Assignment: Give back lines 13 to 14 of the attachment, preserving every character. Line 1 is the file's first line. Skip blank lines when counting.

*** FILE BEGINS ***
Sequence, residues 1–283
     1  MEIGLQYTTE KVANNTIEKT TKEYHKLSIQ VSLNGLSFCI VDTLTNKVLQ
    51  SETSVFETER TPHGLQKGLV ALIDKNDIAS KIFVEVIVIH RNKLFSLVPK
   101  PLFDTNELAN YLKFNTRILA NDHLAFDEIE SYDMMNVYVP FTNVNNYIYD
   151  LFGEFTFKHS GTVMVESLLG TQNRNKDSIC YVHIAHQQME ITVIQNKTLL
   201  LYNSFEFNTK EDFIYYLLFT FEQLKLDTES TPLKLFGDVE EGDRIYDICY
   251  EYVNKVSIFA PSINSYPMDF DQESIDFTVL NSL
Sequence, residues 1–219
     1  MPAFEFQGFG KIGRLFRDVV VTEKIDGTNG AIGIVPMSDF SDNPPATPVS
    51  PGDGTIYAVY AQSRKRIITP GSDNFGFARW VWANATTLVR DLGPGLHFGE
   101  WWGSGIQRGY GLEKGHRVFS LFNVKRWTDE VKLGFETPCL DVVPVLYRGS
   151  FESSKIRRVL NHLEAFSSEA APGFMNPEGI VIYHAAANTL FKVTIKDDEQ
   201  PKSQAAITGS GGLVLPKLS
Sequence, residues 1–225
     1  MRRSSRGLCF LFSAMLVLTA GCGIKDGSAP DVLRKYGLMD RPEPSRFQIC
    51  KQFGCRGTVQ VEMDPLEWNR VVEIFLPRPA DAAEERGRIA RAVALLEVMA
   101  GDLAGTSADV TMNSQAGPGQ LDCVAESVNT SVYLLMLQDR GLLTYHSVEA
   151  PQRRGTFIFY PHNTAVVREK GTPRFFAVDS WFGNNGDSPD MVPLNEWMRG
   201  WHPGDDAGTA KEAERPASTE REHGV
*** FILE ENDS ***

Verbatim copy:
   201  PKSQAAITGS GGLVLPKLS
Sequence, residues 1–225